NASA Studies Tethered CubeSat Mission to Study Lunar Swirls

A novel mission concept involving two CubeSats connected by a thin, miles-long tether could help scientists understand how the Moon got its mysterious “tattoos” — swirling patterns of light and dark found at more than 100 locations across the lunar surface.

NASA’s Planetary Science Deep Space SmallSat Studies, or PSDS3, program recently selected a team at the Goddard Space Flight Center in Greenbelt, Maryland, to further develop a mission concept called the Bi-sat Observations of the Lunar Atmosphere above Swirls, or BOLAS. The study, led by Goddard Principal Investigator Timothy Stubbs, could lead to the first tethered planetary CubeSat mission, Stubbs said.

“This is an exciting concept,” said Michael Collier, a BOLAS co-investigator who has studied tether-based missions for gathering difficult-to-obtain lunar measurements since 2015. “Candidly, I think it’s groundbreaking. Tethered satellites are a very natural approach for targeting lunar science.”

As currently conceived, the mission would involve two 12-unit CubeSats, whose individual units would measure just four inches on a side. Once the pair reached a low-maintenance, quasi-stable orbit about 62 miles above the Moon’s surface, the two, connected by a 112-mile-long thin tether, would separate. The top satellite would climb 118 miles above the surface, while the lower, nearly identical twin would plunge to an altitude of about six miles above the surface.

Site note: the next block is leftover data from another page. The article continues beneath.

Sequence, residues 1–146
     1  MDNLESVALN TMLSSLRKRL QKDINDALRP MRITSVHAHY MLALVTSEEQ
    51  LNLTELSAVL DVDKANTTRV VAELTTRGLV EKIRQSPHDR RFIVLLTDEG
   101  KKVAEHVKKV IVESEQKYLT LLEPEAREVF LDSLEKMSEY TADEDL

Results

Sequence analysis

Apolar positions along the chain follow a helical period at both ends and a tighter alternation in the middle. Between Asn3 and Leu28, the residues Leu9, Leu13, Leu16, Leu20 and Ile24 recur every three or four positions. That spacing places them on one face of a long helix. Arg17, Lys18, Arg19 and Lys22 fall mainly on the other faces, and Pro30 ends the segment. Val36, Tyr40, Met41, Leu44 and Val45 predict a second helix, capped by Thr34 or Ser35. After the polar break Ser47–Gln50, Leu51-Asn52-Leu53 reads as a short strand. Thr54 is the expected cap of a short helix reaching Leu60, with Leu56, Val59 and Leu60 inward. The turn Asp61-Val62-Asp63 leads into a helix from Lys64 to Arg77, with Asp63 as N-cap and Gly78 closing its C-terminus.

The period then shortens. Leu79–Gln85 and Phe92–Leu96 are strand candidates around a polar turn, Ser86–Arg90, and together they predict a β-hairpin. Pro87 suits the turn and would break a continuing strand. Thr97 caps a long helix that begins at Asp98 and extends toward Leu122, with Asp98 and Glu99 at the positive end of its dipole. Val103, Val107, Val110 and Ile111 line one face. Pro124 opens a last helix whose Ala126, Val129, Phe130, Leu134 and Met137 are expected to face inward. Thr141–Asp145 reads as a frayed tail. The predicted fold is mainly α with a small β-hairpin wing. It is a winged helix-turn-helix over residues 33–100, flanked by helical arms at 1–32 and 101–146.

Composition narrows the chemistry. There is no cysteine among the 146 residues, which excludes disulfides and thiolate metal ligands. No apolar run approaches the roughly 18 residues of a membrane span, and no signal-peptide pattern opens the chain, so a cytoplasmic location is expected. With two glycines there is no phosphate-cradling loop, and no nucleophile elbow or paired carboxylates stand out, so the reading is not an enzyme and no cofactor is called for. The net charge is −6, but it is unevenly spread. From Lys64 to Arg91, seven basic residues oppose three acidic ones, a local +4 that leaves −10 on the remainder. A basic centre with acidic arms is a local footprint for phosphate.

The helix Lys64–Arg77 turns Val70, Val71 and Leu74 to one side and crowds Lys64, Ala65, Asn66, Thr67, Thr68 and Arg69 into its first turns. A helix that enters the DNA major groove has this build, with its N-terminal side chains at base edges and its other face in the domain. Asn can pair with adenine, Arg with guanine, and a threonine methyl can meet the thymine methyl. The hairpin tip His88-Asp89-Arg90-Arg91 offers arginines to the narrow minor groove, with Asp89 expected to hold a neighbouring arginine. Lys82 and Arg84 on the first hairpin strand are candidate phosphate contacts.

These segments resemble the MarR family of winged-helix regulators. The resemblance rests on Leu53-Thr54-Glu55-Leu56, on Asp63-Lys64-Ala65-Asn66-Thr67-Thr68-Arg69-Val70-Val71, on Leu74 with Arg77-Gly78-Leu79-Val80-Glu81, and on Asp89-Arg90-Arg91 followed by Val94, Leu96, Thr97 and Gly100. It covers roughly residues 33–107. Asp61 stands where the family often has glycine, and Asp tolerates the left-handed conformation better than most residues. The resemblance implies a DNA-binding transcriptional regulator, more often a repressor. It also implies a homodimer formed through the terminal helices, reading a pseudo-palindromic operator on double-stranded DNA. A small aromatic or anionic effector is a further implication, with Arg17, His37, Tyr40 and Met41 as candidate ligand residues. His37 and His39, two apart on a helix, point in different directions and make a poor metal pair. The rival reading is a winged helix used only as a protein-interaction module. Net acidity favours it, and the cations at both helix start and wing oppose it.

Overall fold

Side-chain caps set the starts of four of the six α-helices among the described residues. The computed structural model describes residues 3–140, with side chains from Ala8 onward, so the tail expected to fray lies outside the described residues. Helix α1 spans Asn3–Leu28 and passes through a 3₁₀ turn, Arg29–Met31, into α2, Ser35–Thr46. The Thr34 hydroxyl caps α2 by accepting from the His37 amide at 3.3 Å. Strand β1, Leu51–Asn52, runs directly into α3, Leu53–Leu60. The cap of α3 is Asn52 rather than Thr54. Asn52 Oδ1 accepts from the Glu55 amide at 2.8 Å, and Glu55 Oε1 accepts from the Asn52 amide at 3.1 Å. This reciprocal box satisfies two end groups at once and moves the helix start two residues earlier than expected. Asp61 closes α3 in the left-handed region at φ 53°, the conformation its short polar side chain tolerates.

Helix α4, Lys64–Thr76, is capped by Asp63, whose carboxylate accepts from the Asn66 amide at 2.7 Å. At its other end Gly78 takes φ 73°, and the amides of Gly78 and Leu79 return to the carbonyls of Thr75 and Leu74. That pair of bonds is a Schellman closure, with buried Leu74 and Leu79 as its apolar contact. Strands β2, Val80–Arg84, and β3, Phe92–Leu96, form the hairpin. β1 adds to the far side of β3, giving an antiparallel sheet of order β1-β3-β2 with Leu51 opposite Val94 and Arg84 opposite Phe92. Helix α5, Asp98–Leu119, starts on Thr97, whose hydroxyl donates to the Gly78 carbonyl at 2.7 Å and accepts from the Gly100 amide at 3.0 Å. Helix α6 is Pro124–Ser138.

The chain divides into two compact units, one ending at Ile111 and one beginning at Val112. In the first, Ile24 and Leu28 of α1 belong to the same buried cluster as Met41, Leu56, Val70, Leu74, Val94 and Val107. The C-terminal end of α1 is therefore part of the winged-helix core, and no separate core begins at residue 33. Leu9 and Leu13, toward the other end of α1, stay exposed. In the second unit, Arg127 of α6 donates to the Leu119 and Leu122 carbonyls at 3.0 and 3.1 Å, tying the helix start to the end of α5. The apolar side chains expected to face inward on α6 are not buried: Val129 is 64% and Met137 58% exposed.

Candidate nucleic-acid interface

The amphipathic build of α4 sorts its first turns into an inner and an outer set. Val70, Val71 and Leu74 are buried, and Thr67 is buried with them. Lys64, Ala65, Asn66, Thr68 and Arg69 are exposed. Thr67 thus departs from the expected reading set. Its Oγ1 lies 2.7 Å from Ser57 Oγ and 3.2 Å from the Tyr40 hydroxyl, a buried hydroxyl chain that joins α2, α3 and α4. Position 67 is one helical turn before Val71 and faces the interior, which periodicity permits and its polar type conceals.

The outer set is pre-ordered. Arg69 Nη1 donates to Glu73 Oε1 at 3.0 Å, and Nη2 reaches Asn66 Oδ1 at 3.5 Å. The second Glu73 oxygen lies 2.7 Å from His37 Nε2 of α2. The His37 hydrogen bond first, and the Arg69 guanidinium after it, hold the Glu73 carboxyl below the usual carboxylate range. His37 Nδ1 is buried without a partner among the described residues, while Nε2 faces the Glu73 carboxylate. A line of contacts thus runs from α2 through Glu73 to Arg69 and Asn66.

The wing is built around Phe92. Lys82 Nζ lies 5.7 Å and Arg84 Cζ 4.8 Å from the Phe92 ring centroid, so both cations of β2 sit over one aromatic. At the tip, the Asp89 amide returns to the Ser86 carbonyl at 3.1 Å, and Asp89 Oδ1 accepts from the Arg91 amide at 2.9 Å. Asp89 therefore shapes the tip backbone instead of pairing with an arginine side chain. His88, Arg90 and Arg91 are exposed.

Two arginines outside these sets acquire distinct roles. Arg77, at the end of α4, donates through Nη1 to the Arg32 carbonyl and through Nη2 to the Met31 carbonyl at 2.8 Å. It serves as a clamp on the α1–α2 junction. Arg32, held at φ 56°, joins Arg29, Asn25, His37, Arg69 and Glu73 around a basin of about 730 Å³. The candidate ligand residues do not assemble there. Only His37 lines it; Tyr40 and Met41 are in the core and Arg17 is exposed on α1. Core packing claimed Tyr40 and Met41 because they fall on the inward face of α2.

“The tension in the tether keeps the CubeSats in vertical alignment as they orbit,” Stubbs said. “The configuration, with the center-of-mass in a quasi-stable orbit, should enable the lower CubeSat to fly for long durations at low altitudes.”

Without a tether system, a comparable low-altitude mission would need prohibitive amounts of fuel to maintain its orbit. NASA’s Lunar Reconnaissance Orbiter, or LRO, for example, flew in a circular orbit 31 miles above the surface early in its mission. If NASA hadn’t executed propulsive maneuvers to maintain this orbit, the spacecraft would have smashed into the surface.

This is due to the large concentrations of mass lurking on the lunar surface. These “mascons” change the gravity field and can either pull the spacecraft or push them off course, dooming them to a mission-ending collision.

“For planetary objects that lack an atmosphere, tethering is an innovative approach to the technical challenge of low-altitude measurements using minimal propellant,” Collier said, adding that a CubeSat couldn’t carry the amount of fuel needed to carry out periodic station-keeping maneuvers.

For scientists attempting to better understand the Moon’s odd, airless environment, the lower they can deploy the CubeSat, the better.